[This originally appeared as an article on comp.lang.lisp in response to Kenny Tilton's question about who lured us to lisp.]
How about Bjarne Stroustrup ?
Somewhere[*] he wrote that (I paraphrase) "C++ don't do no double dispatch, if you want that you need to go to a language such as Common Lisp". At this point it struck me that my image of Lisp (cute functional language with more parentheses than practical potential) must be rather flawed. And thus the seed was planted: whenever a reference was made to Lisp I paid attention, and the things I was hearing sounded good.
The final straw came when I was working on a Python/C++ project, and it struck me that I really wanted a dynamically typed language, like Python, that would allow me to program without any type declarations during development, but, when I needed to squeeze the the most out of my CPU, would allow me to provide declarations and to compile to efficient machine code (as opposed to having to re-write the relevant chunk as an extension module in C++).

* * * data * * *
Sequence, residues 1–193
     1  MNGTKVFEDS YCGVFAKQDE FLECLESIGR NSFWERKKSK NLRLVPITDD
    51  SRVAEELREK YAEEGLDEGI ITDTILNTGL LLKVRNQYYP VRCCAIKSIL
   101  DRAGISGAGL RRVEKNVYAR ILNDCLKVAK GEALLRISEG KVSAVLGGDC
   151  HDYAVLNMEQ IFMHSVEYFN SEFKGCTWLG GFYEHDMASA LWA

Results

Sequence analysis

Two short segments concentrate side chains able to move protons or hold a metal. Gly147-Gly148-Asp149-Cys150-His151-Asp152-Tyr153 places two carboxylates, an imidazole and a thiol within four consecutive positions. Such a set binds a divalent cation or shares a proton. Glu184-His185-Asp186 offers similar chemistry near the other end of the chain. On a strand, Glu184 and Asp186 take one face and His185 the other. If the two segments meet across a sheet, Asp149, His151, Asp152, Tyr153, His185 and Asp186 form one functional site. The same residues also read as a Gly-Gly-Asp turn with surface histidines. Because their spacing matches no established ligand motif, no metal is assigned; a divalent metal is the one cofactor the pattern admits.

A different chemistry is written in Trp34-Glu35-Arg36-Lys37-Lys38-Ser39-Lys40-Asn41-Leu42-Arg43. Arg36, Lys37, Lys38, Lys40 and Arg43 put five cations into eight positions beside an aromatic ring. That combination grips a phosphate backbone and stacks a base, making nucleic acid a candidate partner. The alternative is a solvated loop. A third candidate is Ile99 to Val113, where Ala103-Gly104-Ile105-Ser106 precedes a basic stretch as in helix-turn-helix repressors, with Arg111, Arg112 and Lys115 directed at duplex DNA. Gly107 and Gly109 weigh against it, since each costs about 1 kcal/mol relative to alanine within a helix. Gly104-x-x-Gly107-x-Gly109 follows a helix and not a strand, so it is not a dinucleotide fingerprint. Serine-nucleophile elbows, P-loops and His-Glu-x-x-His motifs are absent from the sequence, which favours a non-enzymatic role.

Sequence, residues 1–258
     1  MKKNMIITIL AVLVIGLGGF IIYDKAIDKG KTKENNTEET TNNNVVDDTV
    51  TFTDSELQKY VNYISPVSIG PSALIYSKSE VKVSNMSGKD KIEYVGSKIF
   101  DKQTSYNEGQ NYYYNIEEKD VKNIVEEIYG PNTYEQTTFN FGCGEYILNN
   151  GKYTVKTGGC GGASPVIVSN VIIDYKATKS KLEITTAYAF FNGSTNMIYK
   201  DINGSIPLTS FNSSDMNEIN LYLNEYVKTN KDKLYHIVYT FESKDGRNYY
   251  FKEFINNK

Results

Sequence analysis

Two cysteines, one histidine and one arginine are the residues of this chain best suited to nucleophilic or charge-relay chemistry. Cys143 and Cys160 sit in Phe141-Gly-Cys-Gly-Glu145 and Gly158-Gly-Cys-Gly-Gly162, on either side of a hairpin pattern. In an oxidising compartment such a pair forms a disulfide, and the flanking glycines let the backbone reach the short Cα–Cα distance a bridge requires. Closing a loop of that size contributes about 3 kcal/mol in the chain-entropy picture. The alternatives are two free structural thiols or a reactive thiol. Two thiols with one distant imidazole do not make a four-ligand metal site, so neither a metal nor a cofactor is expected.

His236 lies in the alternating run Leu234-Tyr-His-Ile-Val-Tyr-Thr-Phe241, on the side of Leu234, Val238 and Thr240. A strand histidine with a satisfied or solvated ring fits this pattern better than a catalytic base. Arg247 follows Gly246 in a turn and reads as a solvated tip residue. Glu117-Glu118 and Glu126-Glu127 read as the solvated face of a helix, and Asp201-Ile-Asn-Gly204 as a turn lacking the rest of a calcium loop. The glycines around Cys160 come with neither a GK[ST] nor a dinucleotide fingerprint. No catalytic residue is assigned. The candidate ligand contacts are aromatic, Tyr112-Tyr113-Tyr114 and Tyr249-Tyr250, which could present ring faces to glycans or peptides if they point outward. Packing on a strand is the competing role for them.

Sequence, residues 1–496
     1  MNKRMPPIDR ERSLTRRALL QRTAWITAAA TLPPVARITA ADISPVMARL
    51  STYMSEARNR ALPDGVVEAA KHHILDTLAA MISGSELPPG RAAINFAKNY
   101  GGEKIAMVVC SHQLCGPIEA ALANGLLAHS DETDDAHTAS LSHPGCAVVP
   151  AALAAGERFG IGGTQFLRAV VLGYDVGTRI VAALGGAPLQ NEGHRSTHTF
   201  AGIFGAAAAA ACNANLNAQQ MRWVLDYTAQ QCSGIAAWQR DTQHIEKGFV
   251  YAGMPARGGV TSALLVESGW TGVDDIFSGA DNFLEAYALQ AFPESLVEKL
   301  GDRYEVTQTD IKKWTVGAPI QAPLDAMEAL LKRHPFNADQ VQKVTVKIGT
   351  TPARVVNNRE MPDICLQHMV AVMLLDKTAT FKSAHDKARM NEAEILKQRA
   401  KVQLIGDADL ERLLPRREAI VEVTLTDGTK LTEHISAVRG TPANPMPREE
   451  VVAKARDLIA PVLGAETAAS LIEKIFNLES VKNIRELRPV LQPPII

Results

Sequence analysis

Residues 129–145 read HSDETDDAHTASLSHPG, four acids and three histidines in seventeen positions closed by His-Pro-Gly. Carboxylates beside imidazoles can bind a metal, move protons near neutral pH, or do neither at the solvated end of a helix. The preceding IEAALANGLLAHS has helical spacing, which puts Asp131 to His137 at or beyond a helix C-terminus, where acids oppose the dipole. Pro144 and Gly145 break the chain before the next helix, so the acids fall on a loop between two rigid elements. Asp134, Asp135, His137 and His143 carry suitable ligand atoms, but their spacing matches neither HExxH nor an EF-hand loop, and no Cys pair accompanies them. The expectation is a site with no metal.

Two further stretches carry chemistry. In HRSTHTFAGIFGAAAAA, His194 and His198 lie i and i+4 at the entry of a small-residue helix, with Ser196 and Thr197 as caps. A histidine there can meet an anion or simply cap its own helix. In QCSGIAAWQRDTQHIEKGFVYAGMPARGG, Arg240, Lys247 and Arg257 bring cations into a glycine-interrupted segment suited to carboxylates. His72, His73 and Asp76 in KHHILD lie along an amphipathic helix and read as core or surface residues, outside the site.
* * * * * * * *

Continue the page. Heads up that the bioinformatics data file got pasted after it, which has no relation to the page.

I wondered how many decades I would have to wait before someone created such a thing (utterly convinced that no such thing could exist today, for, if it would, then we'd ALL be using it, right?), tried to see whether any research was being done in this direction, found Dylan, which turned out to be, well ... Lisp.
I promptly downloaded Clisp, and was stunned to find that so many things I had craved for in a programming language over the years I had dabbled with programming, were there along with plenty more which I never dreamed of.
[*] I thought that it was it The C++ Programming Languge, but I can't seem to find it in there, just now.
Estimated Switch Date 2001 Seek and Ye Shall Find RtL Bjarne Stroustrup